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Government telecommunications are a means by which governments can communicate with a vast number of people simultaneously. Usually this type of communication is done through television, the telephone or the Internet. Governments utilize the science and technology of telecommunications — connecting an analog or digital transmitter with a compatible receiver via a cable or wire, or a wireless device — to broadcast messages to the public, to selected governmental personnel, or to a targeted group of people.
During the last century, government telecommunications have been used extensively for a variety of purposes. During times of war, both terrorists and governments have used radio and television to broadcast their propaganda. In the same vein, political movements have utilized telecommunications to distribute patriotic messages.
In several countries around the world, the International Telecommunication Union (ITU) has established regulations in an attempt to ensure standardized regulations for international radio and government telecommunications. The ITU was founded in 1865 and is a specialized agency of the United Nations. The organization's longevity and affiliation with the UN help to give its standards a relatively higher status and international recognition than similar organizations.
The most common forms of telecommunications today are the television, telephone and the Internet. Within these three broad categories are such individual services as voicemail, teleconferencing, and Voice over Internet Protocol (VOIP). Government telecommunications can be enhanced and diversified in order to make the most efficient use of their budgets while best serving their needs by choosing an integrated package of these and other telecommunications services into an all-encompassing network.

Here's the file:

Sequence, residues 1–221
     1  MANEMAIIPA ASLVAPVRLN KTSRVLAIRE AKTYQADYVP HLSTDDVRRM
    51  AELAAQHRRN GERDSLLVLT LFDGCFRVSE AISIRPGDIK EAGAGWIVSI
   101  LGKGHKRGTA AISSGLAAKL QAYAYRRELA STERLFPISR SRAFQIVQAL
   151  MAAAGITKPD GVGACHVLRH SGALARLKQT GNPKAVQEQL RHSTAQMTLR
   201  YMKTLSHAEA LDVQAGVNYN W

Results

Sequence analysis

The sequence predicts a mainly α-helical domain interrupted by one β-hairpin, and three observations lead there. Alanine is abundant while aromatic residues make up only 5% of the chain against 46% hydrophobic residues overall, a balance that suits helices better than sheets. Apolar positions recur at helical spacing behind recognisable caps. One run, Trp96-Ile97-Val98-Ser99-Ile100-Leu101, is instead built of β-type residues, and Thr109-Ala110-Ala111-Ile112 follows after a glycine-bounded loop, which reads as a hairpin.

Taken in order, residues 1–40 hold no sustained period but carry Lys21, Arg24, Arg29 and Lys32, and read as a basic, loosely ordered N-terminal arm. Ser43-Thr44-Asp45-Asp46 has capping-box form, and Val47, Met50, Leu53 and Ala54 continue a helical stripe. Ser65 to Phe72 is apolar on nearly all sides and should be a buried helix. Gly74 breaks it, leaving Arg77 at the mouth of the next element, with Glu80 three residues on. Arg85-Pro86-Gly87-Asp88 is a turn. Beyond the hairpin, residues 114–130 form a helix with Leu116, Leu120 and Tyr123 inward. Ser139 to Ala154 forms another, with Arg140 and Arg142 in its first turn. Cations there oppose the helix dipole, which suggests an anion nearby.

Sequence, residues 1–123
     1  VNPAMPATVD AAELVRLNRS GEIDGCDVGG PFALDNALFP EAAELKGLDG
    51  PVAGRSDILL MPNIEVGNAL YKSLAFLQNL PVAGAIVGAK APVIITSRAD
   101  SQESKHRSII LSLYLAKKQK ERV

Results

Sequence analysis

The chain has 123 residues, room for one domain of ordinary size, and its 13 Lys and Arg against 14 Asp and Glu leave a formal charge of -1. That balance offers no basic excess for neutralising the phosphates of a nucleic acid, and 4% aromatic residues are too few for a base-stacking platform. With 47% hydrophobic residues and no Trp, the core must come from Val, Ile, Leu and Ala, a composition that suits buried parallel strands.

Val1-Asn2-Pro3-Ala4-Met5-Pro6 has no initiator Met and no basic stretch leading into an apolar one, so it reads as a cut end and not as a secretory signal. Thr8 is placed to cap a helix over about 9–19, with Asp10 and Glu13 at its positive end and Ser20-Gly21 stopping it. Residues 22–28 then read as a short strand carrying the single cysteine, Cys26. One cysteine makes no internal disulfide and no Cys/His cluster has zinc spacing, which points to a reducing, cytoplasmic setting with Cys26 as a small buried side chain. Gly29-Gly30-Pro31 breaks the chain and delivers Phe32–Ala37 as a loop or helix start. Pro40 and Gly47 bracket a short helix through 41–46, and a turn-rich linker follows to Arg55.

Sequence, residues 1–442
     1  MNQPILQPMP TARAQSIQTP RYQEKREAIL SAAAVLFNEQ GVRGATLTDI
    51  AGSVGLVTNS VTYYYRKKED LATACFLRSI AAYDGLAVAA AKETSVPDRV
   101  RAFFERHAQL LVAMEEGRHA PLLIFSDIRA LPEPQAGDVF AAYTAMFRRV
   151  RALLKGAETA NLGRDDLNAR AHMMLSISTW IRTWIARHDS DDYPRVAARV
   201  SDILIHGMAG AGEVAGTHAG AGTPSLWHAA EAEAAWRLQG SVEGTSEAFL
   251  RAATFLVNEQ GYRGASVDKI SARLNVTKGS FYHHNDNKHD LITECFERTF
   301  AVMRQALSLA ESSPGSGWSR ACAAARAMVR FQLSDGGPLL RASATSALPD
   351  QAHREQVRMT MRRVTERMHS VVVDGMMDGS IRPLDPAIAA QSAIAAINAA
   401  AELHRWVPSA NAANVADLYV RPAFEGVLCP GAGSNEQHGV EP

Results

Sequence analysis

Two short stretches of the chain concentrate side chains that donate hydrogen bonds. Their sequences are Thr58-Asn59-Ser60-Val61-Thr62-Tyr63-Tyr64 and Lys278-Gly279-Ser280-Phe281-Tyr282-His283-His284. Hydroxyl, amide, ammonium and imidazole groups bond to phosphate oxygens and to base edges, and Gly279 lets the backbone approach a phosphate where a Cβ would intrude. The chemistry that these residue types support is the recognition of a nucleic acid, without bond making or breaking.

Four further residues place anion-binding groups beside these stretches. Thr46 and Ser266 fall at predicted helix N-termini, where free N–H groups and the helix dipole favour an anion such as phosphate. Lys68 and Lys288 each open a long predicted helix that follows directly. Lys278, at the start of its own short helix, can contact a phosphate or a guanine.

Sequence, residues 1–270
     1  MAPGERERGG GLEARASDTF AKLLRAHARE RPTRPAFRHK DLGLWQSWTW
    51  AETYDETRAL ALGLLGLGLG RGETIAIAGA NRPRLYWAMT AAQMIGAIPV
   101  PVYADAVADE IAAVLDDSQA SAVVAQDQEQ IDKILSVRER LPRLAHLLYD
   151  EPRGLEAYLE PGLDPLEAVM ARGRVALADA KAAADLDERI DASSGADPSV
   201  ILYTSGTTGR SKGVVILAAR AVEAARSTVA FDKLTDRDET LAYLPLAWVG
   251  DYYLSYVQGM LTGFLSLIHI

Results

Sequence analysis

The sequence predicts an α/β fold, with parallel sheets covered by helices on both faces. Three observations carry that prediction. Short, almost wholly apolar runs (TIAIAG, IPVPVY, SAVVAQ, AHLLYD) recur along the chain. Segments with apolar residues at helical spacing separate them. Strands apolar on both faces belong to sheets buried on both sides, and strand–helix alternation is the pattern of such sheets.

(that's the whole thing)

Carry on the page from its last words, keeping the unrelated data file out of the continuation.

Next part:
One type of telecommunications network is that in which a local and long-distance telephone system connects a caller with an intended receiver by way of a physical and/or wireless interface linked together through routing devices usually referred to as switches or nodes. These switches enable each user to be connected to one node. This is done by routing the information in small pieces, which then proceed independently through the network.
Another network type that could be used in government telecommunications is the broadcast network. This is generally considered to be more efficient than the switched network because each transmission is simultaneously broadcast to every node in the network through one communications channel. An example of this is a wired local area network (LAN). With this technology, one user is connected to each node, with the nodes usually grouped together in a ring or star design.
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